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LG Display has unveiled a ‘wallpaper’ HDTV that can be stuck on a wall using a magnetic mat. The impossibly thin proof of concept TV is part of the company’s broader plans for the future which centre on OLED tech.
LG showed off the wall paper TV at a press event in Korea. The HDTV has a 55-inch OLED (organic light-emitting diode) display is less than a millimetre thick and weighs 1.9 kilograms. The display comes with a magnetic mat that can be placed on a wall and the TV is attached to it. If you want to move the TV to another room simply peel the screen off the mat. OLED technology is said to be the next big thing and has become a desirable choice for TV’s, wearable gadgets as well as other mobile products. The tech adds an organic compound layer that makes display screens thin and also allows the displays to be curved. The organic material also emits its own light, eliminating the need for a backlight. However the cost of making the displays is quiet high mainly due to low yield of displays, so the cost of the functional displays is passed on to the consumer. For e.g., LG's 65-inch, 4K OLED TV costs $9,000.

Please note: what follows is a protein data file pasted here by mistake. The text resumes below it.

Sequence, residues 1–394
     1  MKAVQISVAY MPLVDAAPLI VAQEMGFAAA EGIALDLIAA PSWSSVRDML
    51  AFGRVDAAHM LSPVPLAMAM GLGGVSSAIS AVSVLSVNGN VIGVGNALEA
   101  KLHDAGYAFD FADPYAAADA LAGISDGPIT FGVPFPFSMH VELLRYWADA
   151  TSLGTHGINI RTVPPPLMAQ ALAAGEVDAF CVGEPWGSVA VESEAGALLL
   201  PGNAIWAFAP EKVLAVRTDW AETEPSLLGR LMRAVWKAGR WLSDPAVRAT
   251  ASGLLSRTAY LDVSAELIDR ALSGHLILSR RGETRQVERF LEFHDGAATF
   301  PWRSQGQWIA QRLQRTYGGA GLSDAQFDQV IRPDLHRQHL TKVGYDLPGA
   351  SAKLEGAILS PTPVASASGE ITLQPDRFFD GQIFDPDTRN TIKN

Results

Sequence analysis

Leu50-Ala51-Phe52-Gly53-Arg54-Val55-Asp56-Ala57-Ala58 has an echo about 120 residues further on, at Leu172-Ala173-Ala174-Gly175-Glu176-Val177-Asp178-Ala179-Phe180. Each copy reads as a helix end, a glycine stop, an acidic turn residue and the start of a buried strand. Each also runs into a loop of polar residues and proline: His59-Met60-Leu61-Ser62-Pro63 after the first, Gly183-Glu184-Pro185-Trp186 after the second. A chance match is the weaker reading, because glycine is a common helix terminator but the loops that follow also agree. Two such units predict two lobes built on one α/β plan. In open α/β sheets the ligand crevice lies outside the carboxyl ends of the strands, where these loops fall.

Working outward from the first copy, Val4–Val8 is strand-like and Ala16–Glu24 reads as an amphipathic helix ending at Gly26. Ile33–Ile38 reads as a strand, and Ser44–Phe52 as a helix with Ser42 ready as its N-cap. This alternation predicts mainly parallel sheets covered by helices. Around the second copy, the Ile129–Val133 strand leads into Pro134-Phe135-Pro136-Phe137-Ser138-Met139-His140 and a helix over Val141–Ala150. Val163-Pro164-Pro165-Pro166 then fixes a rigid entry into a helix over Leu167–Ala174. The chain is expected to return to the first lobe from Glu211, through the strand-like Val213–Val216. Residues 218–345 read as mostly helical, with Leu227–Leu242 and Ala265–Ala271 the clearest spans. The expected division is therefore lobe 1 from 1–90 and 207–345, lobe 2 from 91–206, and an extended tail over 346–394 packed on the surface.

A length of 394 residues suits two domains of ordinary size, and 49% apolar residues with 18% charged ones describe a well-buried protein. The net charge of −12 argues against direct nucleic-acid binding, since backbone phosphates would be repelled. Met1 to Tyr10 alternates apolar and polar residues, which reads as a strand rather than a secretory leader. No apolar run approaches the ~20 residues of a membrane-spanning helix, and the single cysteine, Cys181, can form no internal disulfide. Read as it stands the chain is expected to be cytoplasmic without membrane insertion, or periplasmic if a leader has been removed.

LG stated at the event that the company’s display strategy will centre on OLED technology. The company claims that it its yield has hit 80 percent and is touting its position as the first to mass produce large screen OLED’s for TV’s. The company stated that it expects to sell 600,000 OLED TV panels this year and 1.5 million next year. LG also citied comments of Ching W. Tang, "the father of OLED" that OLED displays could outpace LCDs in total shipments in the next 5-10 years. Apart from LG rivals Samsung and Sony are also working on OLED displays. Head of LG Display's OLED business unit, Sang-Deog Yeo, said "OLED represents a groundbreaking technology" not only for the company, but also for the industry. He added, 'We should be able to supply a satisfactory volume to our clients from July or August, which means we’re hoping to buckle down production as well as promotion from the third quarter”.
Source: Korea Times